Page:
Another Amazing Alumni Alert: Tim Hashko, AAS, ’08
Documentarians often take years to film, produce, and edit a body of work.
Tim Hashko, a cinematographer working in the documentary industry, is no exception.
“Beyond the Bridge: A Solution To Homelessness,” a highly-anticipated project Hashko has been working on, took the last four years to film. He’s currently in the postproduction process, editing the film, which will take about a year to finish.
“We decided to start walking down this path back in 2017,” Hashko said. “So that’s how long it takes to develop ideas, to build a network of supporters, and fundraise.”
Hashko has grown accustomed to systems and processes requiring longevity, so much so that it might be built into his persona.
“It’s a two-year school, but I went to Ivy Tech for five years. I was a full-time student,” Hashko said.
Hashko, from the Eastern European country Belarus, grew up during the Soviet Union.
Following its collapse, he traveled to the United States as a foreign exchange student in 1998, settling in with a host family in Whiteland, IN.
After moving back to Belarus in 1999, he would return in the summers. Then, in 2003, he permanently moved to the U.S. and settled in Indianapolis, where he began his higher education journey at Ivy Tech.
Hashko wasn’t sure what he wanted to study. The International Student Advisor at the time suggested visual communication, and he said, “sure.”
One of the first classes Hashko took was Introduction to Video, instructed by John Perez, who is now the Program Chair of Visual Communications.
“I took that class … and I was reminded of my childhood dream,” Hashko said. “A dream that I had to become a filmmaker.”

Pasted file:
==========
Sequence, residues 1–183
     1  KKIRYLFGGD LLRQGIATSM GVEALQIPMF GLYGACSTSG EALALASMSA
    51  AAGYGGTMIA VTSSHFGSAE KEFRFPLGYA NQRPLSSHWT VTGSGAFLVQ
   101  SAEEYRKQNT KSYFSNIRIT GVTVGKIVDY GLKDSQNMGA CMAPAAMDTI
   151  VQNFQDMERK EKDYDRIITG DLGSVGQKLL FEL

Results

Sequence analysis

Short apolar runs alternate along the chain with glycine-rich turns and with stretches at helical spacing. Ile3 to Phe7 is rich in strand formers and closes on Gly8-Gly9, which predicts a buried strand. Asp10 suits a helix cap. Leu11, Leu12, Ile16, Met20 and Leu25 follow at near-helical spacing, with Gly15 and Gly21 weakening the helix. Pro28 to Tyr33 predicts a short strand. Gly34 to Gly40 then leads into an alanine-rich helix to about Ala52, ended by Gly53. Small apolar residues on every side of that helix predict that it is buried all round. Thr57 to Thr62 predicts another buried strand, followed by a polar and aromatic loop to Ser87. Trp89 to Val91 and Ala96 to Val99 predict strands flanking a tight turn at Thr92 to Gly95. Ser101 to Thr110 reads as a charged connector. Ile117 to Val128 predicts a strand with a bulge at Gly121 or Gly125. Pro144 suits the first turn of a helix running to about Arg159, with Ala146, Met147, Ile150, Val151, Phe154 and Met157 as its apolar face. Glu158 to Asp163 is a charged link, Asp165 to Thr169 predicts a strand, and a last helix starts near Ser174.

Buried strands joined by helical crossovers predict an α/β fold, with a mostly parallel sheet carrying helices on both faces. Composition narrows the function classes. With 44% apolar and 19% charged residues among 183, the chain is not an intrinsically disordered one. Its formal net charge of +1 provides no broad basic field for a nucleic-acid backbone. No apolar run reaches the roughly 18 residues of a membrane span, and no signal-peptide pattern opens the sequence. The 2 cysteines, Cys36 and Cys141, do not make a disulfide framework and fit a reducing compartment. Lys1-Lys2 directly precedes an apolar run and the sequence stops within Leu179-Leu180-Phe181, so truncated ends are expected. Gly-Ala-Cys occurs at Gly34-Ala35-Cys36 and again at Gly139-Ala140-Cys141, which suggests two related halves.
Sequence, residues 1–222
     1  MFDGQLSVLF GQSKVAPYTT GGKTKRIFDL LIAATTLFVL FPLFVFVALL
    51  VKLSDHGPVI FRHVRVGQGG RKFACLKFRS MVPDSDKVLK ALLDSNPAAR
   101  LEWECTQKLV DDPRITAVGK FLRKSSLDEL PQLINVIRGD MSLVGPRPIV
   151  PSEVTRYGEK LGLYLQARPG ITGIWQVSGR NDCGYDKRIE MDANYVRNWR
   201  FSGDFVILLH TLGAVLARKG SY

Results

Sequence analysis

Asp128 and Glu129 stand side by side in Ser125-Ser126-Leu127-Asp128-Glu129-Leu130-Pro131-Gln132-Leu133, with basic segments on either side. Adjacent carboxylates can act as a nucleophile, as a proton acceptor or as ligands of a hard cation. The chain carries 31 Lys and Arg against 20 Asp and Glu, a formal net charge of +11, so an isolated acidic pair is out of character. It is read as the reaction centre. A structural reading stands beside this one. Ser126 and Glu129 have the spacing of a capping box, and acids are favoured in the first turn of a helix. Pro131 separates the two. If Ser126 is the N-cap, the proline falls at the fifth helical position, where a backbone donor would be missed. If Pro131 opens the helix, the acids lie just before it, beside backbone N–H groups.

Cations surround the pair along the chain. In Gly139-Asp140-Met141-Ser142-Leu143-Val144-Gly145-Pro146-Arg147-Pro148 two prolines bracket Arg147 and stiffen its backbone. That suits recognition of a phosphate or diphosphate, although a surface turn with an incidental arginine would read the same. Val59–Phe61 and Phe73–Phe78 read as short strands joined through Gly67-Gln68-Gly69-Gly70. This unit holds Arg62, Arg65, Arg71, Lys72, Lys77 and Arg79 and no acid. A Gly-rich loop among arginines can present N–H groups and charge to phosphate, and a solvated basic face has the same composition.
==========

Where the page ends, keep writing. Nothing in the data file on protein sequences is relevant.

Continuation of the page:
“I remember I was watching the Oscars ceremonies as a kid,” Hashko started saying, reminiscing. “Occasionally, things like the Oscars, they would show them, and I would be looking at those worlds and thinking, ‘wow, this is cool. I would like to be a part of it.’ But as I grew up, the dream was quickly forgotten. Because over there, people don’t tell you that you can be anything you want. It’s only when you come to America they start to tell you, ‘oh, you can be whatever you want.’”
Hashko said that as long as he was in school, he could stay in the U.S. legally with a student visa.
He didn’t skate by, by any means, and over the course of five years, he maintained 12-credit hour semesters, enrolled in a wide variety of courses, learned how to draw, and graduated with two degrees. Both of his associate degrees from Ivy Tech were in visual communication, one for graphic design and the other for web design.
“Ivy Tech gives you a foundation if you seek it,” Hashko said. “I came into this world of visual communication and design and didn’t have any background in that. So for me, somebody needed to explain the very basics.”
During his time at Ivy Tech Indy, he appreciated his professors, such as Perez, Rebecca Bilbrey, Allen Lewis, and Stephanie Robertson, for their patience and thoroughness.
He recalled pushing off a Basics to Drawing course because he harbored some pretty harsh childhood memories.
“Growing up in the Soviet Union, everybody told me, ‘you cannot draw!’ And I remember I was just terrified of it. And I delayed taking that class,” Hashko said.
Hashko says by the end of the semester, he was drawing sketches of his photos. “If only somebody had explained drawing to me like that when I was a kid,” he said.